Thanks to Judy Pearson (nee Dodge) for writing this post for the A-Z challenge.
Blue links will take you to the digitized images from Libraries Tasmania website. Clicking on image in post will take you to the original at Tasmanian Archive and Heritage Office (TAHO).
DODGES FERRY was part of the early settlement of the Pitt Water area and its name leads to the story of RALPH DODGE who was born in 1791 on Norfolk Island. He was the son of William Dodge, Superintendent of Convicts and Charlotte Simpson Hall (both arriving in the colony per Second Fleet ‘Lady Juliana’) and also to the new settlement on Norfolk Island in 1790. They had 3 children, the second son born 1793 did not survive and Sarah who was born in 1795 was a few months old when their father left the Island to return to New South Wales and eventually back to England, leaving his family behind. Charlotte became the partner of Hugh McGinnis with whom she had another 5 children, marrying in Van Diemens Land in 1810. Sarah was baptized as Sarah McGinnis.
Ralph was 17 years old when in 1807 the Norfolk Island settlement was disbanded and the inhabitants, productive farmers most having gained their freedom and with young families, were all relocated to Van Diemens Land. Ralph Dodge and the McGinnis family first had small plots of land at Clarence Plains (Rokeby), but the whole family eventually moved to fertile land near the Carlton River on Chaseys Creek, pioneering and contributing greatly to that community. Ralph owned a farm he named ‘Lovely Bottom’ and established the packhorse mail run through to Richmond and on to Port Arthur. In 1841 he built the rendered slab Carlton Post Office and was the first Postmaster at Carlton. This served the community until 1949 with many family members becoming Postmaster, including his step-brother John Hall McGinnis and later, his brother-in-law William Morris, whose daughters also served in the position.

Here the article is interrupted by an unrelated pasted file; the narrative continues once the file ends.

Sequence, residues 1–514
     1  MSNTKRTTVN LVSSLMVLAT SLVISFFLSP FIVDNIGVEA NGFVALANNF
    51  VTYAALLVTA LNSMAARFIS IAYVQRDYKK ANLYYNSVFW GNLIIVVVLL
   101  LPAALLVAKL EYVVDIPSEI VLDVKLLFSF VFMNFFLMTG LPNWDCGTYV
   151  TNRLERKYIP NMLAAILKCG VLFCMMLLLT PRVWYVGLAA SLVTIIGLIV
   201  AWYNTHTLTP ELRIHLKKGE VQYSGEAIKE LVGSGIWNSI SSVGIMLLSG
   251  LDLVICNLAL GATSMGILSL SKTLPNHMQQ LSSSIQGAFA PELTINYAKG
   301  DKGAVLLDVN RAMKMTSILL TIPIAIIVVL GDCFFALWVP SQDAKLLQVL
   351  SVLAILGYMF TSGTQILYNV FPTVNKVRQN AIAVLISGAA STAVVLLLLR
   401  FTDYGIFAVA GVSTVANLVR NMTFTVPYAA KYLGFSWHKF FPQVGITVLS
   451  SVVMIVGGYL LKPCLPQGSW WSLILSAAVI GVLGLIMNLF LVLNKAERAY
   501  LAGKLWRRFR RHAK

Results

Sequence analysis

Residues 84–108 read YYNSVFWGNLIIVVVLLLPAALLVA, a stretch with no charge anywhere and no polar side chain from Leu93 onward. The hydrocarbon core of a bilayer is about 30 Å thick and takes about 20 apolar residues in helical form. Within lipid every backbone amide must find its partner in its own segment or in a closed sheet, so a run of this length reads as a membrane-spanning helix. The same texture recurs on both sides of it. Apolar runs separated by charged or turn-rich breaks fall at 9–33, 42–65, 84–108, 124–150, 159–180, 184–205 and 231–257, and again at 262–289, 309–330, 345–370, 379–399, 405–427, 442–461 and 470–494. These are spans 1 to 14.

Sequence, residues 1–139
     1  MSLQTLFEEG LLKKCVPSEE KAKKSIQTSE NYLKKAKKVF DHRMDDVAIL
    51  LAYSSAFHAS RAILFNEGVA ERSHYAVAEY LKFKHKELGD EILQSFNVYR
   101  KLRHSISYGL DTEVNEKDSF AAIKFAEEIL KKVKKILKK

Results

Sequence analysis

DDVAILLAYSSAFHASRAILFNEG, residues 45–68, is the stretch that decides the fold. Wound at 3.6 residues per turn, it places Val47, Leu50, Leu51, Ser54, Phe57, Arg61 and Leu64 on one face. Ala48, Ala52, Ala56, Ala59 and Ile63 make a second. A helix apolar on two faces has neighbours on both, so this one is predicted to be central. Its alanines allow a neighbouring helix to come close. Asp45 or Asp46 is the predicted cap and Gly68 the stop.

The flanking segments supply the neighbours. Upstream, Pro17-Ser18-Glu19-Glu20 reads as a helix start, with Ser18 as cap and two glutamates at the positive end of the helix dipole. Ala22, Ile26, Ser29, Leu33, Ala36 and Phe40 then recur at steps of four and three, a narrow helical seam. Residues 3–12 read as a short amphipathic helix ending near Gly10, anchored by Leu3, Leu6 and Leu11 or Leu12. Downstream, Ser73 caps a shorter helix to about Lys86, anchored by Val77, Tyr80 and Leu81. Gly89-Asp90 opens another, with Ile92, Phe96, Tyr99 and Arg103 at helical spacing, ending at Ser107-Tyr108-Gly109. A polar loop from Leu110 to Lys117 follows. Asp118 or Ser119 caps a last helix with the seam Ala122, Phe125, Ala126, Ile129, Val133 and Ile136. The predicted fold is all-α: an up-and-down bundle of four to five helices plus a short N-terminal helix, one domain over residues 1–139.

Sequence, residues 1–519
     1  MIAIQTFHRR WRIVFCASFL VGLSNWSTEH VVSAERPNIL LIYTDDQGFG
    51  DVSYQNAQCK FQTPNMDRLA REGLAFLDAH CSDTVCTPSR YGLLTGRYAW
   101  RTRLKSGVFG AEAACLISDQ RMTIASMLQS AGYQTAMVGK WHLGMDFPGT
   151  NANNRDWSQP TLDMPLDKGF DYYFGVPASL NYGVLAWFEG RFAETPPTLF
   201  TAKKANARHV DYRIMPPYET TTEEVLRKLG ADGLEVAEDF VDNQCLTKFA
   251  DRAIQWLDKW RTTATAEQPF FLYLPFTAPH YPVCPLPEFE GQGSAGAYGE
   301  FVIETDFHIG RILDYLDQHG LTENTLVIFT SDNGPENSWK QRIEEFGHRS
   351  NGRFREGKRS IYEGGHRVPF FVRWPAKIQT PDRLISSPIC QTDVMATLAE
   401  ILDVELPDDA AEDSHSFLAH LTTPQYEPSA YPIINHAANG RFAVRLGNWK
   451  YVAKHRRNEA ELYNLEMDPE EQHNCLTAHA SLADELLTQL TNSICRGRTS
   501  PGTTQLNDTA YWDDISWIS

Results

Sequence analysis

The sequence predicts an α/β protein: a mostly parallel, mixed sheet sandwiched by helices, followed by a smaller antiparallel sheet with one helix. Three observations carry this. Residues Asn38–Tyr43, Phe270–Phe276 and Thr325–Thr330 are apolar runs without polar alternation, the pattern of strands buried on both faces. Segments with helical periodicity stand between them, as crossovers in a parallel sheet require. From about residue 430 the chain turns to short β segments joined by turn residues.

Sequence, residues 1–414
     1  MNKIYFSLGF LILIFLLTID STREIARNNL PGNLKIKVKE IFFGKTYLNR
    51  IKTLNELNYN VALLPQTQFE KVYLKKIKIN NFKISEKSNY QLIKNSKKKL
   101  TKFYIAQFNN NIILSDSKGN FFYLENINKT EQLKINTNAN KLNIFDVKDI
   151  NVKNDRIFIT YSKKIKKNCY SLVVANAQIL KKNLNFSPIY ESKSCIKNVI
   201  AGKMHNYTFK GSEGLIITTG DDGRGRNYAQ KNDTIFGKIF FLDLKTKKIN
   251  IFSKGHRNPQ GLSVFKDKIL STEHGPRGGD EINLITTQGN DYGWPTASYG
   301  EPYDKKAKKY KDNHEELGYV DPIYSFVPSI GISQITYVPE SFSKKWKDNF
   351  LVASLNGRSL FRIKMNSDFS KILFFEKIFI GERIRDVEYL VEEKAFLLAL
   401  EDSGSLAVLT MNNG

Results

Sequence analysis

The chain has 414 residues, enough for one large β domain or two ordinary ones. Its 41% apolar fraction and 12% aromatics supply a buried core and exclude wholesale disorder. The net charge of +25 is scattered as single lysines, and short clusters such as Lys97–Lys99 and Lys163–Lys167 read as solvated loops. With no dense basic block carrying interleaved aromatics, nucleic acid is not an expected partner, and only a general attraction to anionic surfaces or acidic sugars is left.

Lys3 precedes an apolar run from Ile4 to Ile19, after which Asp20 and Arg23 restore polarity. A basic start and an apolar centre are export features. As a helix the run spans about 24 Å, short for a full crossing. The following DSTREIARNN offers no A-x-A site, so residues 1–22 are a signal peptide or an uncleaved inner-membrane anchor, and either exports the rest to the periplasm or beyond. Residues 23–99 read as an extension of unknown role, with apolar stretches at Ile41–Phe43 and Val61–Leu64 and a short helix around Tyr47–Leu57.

Ralph married Charlotte Morris in 1824 and they had a family of 11 children. In 1831 he bought another farm property on the shores of Pitt Water opposite the sandy point of Seven Mile Beach and this home later became ‘Ferry Farm’ and by 1832 he operated a rowing boat ferry service across to the sandy point opposite. This service enabled early settlers of the district to cross the bay which gave them access to a much shorter route to Kangaroo Point (Bellerive). This transport was known as “Dodge’s” ferry, and his name became a destination, a name unique to our history and to the Southern Beaches of Tasmania.
Ralph with his island heritage and seamanship skills was recorded in 1832 as having saved an English sailing ship with 200 women immigrants on board, which had been driven towards Pitt Water and certain disaster in a violent storm. Ralph Dodge died in 1871 after a life which made the best of his opportunities by then owning over 2,000 acres of land including the four farm properties which he left to his four sons. Two of the sons operated the ferry boats until the completion of the Sorell Causeway in 1874. In the late 1930s part of the ‘Ferry Farm’ property along the attractive foreshore of Dodges Ferry Beach, was sold in allotments for seaside shack development. Thus beginning a new era and the evolvement of the continually growing Dodges Ferry of today.
I grew up with the knowledge that my childhood was special because of the bond I felt for the place and the life I was able to live when at my beloved Dodges Ferry. I have felt a fierce protection of its environment and watched and experienced many changes in this beautiful location by the sea, and now in my 80s I have fulfilled a lifelong dream to write a book telling the early life of my great-grandfather and through the years of ‘The Dodges Ferry I Knew’.
PS: The book is available through the Sorell Historical Society. Also check this post for other places to purchase the book.